(MoneyWatch) COMMENTARY Groupon (GRPN) insiders have never been shy about looking out for their own interests. Among other moves, they took big cash-outs before the company went public, increasing Groupon's need to file an IPO and pull in badly needed capital. And now two of the co-founders have funded a startup that competes with Groupon in a key area, as the Wall Street Journal reports. It might not be the last time this happens.
Chairman Eric Lefkofsky and director Brad Keywell have long been business partners. In addition to Groupon and previous ventures, the two launched a startup backer called Lightbank. One of its fledgling enterprises is a company called Belly, which provides a "universal loyalty program" to merchants. Consumers spend with participating vendors, with Belly tracking the activity, and earn sometimes odd rewards, like a serenade from a bagel shop owner.
One problem: In May, Groupon launched a loyalty rewards program that it started testing last September. Oddly enough, that was just two months after Belly was founded. Not that the market has gone unnoticed. There are at least four other startups in the general space. But the backing of Belly by Lefkofsky and Keywell is odd in a number of ways.
One is that their firm, Lightbank, seems significantly different from VC entities, as they describe a business network and infrastructure that startups use:
Take our network and put it to use for your enterprise, from business development and strategic partnerships, to mergers and acquisitions -- benefit from our experience.Beyond guidance, the firm says that "we dig in, get our hands dirty, and get stuff done." Clearly this is not an arms-length relationship, which raises the question of whether the two co-founders are in a conflict of interest. Loyalty programs are important to Groupon, as the company looks to expand into providing technology to merchants so it is less at the mercy of whether they will buy into daily deals or not.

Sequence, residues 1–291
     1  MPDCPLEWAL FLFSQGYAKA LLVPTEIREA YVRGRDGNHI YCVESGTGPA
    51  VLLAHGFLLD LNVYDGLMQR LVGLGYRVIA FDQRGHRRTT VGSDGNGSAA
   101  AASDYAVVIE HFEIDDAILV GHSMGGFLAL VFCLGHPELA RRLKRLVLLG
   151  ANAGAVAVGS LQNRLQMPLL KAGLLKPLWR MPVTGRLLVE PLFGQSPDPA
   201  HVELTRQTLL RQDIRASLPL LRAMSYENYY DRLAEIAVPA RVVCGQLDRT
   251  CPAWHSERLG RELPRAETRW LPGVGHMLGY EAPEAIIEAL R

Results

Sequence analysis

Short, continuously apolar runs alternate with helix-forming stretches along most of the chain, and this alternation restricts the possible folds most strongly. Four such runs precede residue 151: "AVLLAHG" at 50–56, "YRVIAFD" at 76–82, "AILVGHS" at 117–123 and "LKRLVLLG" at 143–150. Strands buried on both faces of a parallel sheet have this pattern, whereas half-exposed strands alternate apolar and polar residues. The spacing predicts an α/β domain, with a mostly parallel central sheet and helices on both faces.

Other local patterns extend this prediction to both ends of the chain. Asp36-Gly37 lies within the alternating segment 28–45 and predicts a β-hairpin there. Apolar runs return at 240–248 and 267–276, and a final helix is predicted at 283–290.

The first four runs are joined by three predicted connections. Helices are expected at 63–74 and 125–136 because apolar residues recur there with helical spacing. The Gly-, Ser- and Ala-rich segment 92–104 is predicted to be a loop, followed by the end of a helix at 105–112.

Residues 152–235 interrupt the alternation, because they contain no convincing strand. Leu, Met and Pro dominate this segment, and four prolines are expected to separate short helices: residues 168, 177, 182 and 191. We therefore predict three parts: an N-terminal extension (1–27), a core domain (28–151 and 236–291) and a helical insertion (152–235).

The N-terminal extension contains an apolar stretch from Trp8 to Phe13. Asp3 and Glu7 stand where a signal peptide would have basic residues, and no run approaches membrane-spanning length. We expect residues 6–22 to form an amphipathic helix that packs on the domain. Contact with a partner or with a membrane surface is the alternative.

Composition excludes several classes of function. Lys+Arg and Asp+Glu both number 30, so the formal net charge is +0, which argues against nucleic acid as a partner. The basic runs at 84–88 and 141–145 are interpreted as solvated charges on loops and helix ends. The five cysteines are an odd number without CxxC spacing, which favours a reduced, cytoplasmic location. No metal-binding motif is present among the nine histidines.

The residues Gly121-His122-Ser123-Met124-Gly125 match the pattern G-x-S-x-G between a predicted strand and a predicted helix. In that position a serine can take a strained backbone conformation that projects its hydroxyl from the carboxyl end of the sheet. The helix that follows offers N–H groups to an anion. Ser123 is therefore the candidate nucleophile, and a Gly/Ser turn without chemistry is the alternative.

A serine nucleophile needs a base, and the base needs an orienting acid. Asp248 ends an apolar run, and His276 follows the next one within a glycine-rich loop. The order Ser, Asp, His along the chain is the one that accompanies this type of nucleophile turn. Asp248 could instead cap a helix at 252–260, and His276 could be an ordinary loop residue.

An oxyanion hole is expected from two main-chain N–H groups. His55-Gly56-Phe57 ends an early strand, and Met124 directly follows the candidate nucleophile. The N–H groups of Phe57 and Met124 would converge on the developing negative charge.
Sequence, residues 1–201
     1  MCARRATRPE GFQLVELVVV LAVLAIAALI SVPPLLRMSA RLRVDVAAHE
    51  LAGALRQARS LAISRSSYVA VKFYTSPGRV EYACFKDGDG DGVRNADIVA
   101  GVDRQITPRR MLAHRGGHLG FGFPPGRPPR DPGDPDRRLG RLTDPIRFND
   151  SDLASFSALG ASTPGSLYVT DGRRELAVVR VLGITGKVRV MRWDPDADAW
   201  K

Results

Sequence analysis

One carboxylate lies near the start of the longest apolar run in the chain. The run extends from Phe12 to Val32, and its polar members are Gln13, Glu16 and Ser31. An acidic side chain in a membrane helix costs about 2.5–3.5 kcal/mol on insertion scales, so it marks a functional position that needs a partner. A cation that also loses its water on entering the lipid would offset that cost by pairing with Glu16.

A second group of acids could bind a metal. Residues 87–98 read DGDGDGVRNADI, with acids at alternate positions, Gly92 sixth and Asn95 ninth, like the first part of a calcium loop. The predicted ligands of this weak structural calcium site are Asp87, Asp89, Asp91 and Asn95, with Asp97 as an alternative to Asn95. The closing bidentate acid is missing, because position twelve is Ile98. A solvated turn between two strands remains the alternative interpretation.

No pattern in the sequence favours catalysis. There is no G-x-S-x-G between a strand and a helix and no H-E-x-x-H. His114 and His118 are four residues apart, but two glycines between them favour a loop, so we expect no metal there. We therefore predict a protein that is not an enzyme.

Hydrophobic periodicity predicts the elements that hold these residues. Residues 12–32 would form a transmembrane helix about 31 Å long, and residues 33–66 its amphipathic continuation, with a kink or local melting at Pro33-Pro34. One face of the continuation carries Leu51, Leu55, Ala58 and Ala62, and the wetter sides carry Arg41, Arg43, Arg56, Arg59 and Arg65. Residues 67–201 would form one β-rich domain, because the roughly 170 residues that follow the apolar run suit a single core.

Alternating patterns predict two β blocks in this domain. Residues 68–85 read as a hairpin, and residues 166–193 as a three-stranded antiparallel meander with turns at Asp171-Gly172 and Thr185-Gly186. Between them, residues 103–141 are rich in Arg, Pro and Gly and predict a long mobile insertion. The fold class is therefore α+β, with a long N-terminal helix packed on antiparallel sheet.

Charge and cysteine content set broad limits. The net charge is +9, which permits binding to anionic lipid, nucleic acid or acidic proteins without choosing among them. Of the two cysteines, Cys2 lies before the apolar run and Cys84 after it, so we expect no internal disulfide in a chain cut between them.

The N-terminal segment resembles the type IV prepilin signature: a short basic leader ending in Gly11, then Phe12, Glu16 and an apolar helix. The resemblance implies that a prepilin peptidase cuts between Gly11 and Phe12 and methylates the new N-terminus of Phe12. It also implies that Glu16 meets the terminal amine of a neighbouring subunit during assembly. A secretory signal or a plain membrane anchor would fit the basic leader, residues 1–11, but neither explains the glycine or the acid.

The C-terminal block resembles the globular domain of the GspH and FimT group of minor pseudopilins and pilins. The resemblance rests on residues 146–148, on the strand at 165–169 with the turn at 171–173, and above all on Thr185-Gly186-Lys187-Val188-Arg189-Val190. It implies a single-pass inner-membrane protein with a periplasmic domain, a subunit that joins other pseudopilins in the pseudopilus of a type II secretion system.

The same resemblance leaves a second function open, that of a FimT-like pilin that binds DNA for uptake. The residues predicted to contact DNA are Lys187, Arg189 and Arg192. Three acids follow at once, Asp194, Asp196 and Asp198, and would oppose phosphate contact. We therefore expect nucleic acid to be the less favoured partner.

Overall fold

Furthermore, both men are on Groupon's board. They know its strategic plans and, presumably, those of the dozens of startups that Lightbank is involved with. (I have email requests for comments out to both companies.)
[Update: A spokesman for Lefkofsky and Keywell declined to comment.]
It might be that Lefkofsky and Keywell hope to eventually sell Belly to Groupon. It wouldn't be the first time that insiders asked not what they could do for the company, but what the company could do for them.
When Groupon raised nearly $1.1 billion in cash early last year, directors, officers and stockholders got 86 percent of the funds, or $946.8 million. Two investment firms owned by Lefkofsky cashed out shares worth nearly $382 million, or more than a third of the total. With so much cash siphoned off, Groupon had to go for its IPO to gain sufficient working capital.
If Lightbank did sell Belly to Groupon, it could turn into a nice continuing business model for the two owners, assuming that Groupon's ability to absorb acquisitions continued. Here are some of the other companies that could potentially fit into what Groupon does:
- InnerWorkings -- managed print and promotional solutions for businesses
- Betterfly -- website matches consumers with providers of personal services
- Body Shop Bids -- lets customers get bids on auto body work from shops
- Centzy -- users can compare local services by various criteria
- ElaCarte -- restaurant touchscreen tablets that let customers order, pay, and play games
- Lightswitch -- produces video for small and medium-sized businesses
- MyCabbage -- consumers can organize, track, and sell daily deals, coupons, and gift cards
It could be a good deal for Lefkofsky and Keywell, but maybe not for shareholders. As it is, the stock closed Friday at $4.15; the IPO price was $20.
Image: Flickr user Groupon